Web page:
1. What is “culture”?  What is your culture?  Bring in an artifact that helps define or demonstrate your culture (e.g. a piece of sporting equipment, food, a blanket or rug, a basket, etc).  Bring in a piece of literature; poetry, media, music, print of any kind (e.g. a Bible, Torah or Koran, a newspaper, comic book, an academic paper, nursery rhymes, etc.).

 

  1.  Discuss the role of the bodhisattva in Mahayana Buddhism.  Who were some prominent bodhisattvas in China?  If you became a bodhisattva, what would your mission be?

 

  1. Confucianism is the “bedrock” of traditional Chinese values.  What are some of the primary beliefs of Confucianism?  What advantages to society and the individual do you see?  What disadvantages? 

 

  1. The Tang Dynasty was a time a great cultural flourishing and intersections in China.  Pick one of the following topics:

 

    1. The Silk Road
    2. Religious influences, domestic and foreign
    3. Your favorite Tang poet/poem
    4. The role of women

 

  1. Neo-Confucianism is a complex thought system.  Write 3 -5 pages entirely in your own words explaining the basic tenets of Confucianism and then what Neo-Confucianism is.

 

  1. Calligraphy:  Discuss the interplay between words and brushwork in traditional Chinese art and poetry.  Find an example on the internet or in the library of a piece that interests you.  Reproduce and discuss it.  Also, a quick paragraph on how you use your own penmanship to express mood.  (Does this apply to computer work as well?  Why, for example, did your instructor pick the font “Tahoma” instead of “Courier” or “Times New Roman”?)

 

  1. Historians differ considerably as to the reasons why and how Temuchin (1155-1227) was able to unite the disparate Mongol tribes and rise up to conquer much of the Eurasian continent.   Tell me what you think – what is the most compelling evidence?

 

  1. Yuan Drama:  After reading “The Orphan of Chao,” write a brief synopsis of one of the play.  Then write a playbill – a one-page advertisement meant to pack the theater for this afternoon’s matinee.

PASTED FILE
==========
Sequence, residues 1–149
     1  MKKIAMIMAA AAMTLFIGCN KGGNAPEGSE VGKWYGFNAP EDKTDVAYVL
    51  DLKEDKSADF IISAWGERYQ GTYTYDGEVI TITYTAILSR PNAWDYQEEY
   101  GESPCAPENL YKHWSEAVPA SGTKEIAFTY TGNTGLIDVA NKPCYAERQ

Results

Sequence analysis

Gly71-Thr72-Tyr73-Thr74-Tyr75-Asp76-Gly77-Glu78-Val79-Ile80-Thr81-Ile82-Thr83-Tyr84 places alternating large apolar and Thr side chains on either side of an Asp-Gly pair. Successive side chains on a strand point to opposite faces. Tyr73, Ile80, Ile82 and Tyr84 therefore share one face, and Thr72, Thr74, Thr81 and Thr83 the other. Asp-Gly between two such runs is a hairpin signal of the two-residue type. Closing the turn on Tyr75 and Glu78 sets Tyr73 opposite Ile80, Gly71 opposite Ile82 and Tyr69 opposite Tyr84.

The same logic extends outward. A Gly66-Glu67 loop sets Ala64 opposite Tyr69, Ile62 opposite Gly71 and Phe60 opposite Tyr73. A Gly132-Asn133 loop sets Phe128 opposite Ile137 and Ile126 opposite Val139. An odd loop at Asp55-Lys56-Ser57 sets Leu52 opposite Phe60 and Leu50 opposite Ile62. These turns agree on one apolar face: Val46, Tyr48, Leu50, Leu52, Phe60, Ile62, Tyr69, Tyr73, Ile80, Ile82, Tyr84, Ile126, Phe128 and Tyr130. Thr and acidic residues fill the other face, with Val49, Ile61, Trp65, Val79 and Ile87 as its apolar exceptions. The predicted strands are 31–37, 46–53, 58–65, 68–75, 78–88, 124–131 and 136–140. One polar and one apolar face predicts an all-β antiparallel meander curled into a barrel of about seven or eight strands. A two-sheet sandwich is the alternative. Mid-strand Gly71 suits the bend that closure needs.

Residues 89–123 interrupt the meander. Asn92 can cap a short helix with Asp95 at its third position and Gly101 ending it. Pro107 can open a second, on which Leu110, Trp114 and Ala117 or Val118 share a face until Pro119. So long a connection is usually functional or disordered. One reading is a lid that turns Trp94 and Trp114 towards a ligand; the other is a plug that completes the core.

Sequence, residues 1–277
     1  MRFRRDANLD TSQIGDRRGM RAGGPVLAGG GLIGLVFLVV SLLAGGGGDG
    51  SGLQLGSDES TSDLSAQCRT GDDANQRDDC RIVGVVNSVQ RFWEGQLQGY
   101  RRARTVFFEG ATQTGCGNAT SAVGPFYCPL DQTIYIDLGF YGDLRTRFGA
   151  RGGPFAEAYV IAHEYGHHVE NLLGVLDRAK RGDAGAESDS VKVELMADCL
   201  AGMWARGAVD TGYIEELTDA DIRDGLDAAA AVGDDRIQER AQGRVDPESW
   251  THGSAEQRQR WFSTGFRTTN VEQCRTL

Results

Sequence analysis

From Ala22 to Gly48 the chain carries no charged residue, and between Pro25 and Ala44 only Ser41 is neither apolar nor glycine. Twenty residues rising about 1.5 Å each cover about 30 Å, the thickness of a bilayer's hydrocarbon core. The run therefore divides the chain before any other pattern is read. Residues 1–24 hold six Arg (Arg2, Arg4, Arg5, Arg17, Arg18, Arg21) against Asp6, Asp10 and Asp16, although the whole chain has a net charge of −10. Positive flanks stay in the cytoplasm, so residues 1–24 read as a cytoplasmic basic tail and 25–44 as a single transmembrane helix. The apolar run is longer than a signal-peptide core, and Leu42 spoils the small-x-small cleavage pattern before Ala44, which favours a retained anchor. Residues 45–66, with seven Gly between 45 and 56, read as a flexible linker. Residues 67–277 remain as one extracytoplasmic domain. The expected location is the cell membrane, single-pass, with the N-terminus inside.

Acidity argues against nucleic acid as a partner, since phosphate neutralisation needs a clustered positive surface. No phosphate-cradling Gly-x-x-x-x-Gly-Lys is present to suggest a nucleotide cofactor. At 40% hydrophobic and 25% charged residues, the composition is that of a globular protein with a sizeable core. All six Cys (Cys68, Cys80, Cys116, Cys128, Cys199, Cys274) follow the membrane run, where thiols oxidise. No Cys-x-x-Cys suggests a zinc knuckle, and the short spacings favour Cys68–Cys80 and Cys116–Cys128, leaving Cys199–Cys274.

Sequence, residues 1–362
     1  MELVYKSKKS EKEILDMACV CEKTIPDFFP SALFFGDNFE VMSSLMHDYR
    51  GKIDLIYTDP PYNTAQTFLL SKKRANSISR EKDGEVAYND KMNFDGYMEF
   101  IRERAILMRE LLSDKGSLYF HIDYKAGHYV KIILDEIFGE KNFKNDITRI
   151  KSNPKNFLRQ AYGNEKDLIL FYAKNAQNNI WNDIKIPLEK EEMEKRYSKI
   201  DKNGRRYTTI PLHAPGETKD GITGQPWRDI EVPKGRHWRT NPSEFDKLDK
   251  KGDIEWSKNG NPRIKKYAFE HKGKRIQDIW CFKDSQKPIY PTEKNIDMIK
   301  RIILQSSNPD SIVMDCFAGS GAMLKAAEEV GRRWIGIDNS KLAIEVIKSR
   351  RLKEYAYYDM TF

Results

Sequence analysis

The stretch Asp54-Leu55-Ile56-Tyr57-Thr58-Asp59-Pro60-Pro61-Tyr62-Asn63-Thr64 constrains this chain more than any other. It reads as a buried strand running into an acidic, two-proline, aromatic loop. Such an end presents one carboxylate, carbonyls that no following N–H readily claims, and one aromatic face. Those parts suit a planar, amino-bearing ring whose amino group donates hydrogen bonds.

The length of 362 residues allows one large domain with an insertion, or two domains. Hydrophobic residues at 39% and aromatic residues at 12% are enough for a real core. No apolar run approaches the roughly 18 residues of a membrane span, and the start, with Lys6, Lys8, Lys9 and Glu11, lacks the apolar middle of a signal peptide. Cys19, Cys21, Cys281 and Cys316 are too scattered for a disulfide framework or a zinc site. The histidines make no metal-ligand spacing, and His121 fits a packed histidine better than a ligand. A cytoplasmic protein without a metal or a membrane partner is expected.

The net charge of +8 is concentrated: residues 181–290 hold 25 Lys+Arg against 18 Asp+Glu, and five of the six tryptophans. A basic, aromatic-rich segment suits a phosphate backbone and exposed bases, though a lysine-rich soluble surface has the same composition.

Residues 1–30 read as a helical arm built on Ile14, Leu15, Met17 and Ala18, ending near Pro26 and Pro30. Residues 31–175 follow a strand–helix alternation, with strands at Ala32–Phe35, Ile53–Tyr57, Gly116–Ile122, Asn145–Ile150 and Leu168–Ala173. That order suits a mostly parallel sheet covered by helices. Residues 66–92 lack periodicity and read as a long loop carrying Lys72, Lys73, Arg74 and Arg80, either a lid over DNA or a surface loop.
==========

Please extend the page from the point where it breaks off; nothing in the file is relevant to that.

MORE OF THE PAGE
1. Ming Opera:  “The Peony Pavilion” – Southern-style drama were called quanqi, or ‘accounts of remarkable things,’ by the Chinese.  What are the remarkable events of this play?  Tang Xianzu, in his introductory comment asks, “Why should the feelings of love experienced in dream not necessarily be genuine?”  From your reading and viewing of the opera, what do you think Tang means?  Is he simply a romantic playwright, or is there a larger point to be made? 

 

    1. NOTE:  Students who have studied “Peony” in other classes will study a different opera, TBA.  Please see instructor.

 

  1.  Art:  Now that you’ve had several weeks to contemplate Chinese traditional art, write a response piece to a work or an artist that you have particularly enjoyed.

 

  1.  “The sociologist Max Weber saw European capitalism as inspired by the Protestant work ethic, which he found lacking in China, India, and Catholic Europe. But is the Chinese family-centered ethic of frugality, saving, and hard work not a “Protestant” ethic of sorts? And if a deeper Calvinist anxiety about salvation is required for industrial development, then why has China and the rest of East Asia achieved such explosive growth since World War II?”  (Albert Craig, The Heritage of Chinese Civilization, p.126)

 

  1. Update:  Scan the internet or current print media or films and write an essay about intersections between traditional Chinese culture and modern modes.  (If you pick a historical drama film such as “Hero,” for example, make sure you are clear not only on the historical themes (filial piety, ancient cosmology, references to Buddhism, etc.) but also what makes the movie “modern” as well.)  

 

 

 

A brief note on format:  Each essay should be not less than 3 pages or more than 5.  I prefer double spacing (so I can make lots of comments!).  Make sure your name is on the first page, title your essays, use a standard style manual – make me smile. You may include copies of art works, links to websites or interesting videos, etc.  Although much of what you will be writing will be your personal responses to the questions, you may also need to do some research.  Please be sure to appropriately cite all works used.  You will be penalized for sloppy writing (e.g. grammar, punctuation, spelling, format, etc.)  - show me your best work.

            Also, we will spend part of each class session talking about the essays.  Be prepared to share your thoughts and your questions.



[1] Dates and content subject to change as necessary.